Questions? Comments?

We’d like to hear your feedback. Connect with us on social media or simply leave a comment below!

 

 

How Do Lead Glasses Protect Your Eyes?

Protecting Your Eyes From Ionizing Radiation Exposure

Lead shielding is an important radiation safety principle. In fact, shielding is one of the three basic radiation safety principles. Time, distance and shielding are the primary means of eliminating or reducing ionizing radiation exposure.

Lead Shielding

Shielding should be used wherever it is necessary to reduce or eliminate radiation exposure. There are a variety of types of lead shielding options, the focus of this article will be on radiation eye protection and the use of lead glasses.

Radiation Attenuation 

Appropriate shielding placed between the source of radiation and the worker, radiation is attenuated and exposure may be completely eliminated or reduced to an acceptable level. Lead acts as a barrier to reduce x-ray’s effect by blocking or bouncing particles through a barrier material. Attenuation is the result of interactions between x-ray and matter that include absorption and scatter. Much like lead aprons which are commonly found in x-ray rooms in hospitals, lead glasses reduce radiation exposure and protect the lens of the eye.

Occupational Radiation Exposure Limits

Exposure limits have been established by the Nuclear Regulatory Committee (NRC) and set to a level where apparent injury due to ionizing radiation during a normal lifetime is unlikely. This limit is called the “maximum permissible exposure” and medical personnel should be aware of their occupational radiation dose. These occupational radiation exposure limits have been established to help minimize the amount of radiation a worker receives annually by monitoring their occupational radiation dose and keeping them under the established limits. “The exposure limit for the whole body (5,000 mrem) is lower than that for a single organ because all organs and tissues are exposed in whole body exposure, while only a single organ is involved in the single organ exposure limits¹.”

Lens of Eye (LDE) Radiation Exposure Limit

The occupational exposure limit for the lens of the eye (LDE) is 15,000 millirem or 0.15 Sieverts. The Lens of Eye Dose Equivalent (LDE) 10 CFR 20.1003 “applies to the external exposure of the lens of the eye and is taken as the dose equivalent at tissue depth of 0.3 centimeter (300 mg/cm²).”

Personal Monitoring 

The U.S. Nuclear Regulatory Commission has requirements regarding personal monitoring devices. Many medical personnel are required to wear an individual monitoring device to measure the dose to the whole body as well as one at an unshielded location closer to the eye to provide an accurate reading of the lens dose equivalent. Wearing lead glasses will help ensure the lenses of the eyes are properly protected from ionizing radiation thereby reducing your risk of developing cataracts.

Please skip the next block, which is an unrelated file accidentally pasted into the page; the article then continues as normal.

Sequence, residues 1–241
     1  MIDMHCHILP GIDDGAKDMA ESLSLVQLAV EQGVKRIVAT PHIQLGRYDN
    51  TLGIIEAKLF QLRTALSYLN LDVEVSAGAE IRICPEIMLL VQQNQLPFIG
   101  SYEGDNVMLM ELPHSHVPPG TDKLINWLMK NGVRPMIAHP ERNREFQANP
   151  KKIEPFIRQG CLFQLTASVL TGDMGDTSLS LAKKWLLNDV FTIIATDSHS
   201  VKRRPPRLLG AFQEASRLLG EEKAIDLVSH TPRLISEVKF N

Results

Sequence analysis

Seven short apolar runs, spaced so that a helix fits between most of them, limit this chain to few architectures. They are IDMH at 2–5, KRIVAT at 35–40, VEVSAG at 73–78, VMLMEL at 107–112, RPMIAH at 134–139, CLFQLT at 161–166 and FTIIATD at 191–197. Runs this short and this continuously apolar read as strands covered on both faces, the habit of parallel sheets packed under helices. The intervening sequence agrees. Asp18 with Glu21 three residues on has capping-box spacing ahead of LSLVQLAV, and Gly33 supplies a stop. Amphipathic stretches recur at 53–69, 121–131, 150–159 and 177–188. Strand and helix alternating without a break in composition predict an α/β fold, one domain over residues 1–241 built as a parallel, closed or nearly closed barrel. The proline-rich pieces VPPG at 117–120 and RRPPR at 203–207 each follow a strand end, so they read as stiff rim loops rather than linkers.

“Radiation workers who operate x-ray machines, fluoroscopy units, certain unsealed and sealed radioisotopes or are exposed to other sources of gamma or high energy beta radiation are generally required to wear one or more dosimeters².”

Eye Protection: Reducing Tissue Reactions

Tissue reactions, previously referred to as deterministic effects or non-stochastic effects, describe a cause an effect relationship between radiation and some side-effects. There is a threshold dose, once exceeded, the severity of an effect increases with dose. Examples of tissue reactions include skin erythema, which can occur shortly after radiation exposure. Late tissue reactions, particularly those involving the lens of the eye, such as cataracts, can develop long after the initial radiation exposure, but still can be traced back to the original exposure.

Radiation-Associated Cataracts 

Two separate studies published in 2010 reported that interventional cardiology personnel have an increased risk of developing cataracts, a clouding or opacity of the eye that hinders vision. In a recent study, Radiation Cataract Risk In Interventional Cardiology Personnel (October of 2010), Vano et al tested 116 exposed interventional cardiologists, nurses, and technologists for radiation cataracts and compared them to 93 unexposed control personnel. Thirty-eight percent of the cardiologists, with a cumulative median lens dose of 6.0 Sieverts, developed cataracts, compared with 12 percent of the controls. Twenty-one percent of the other medical personnel, who were exposed to a cumulative median lens dose of 1.5 Sieverts, developed radiation-associated lens changes attributed to ionizing radiation exposure.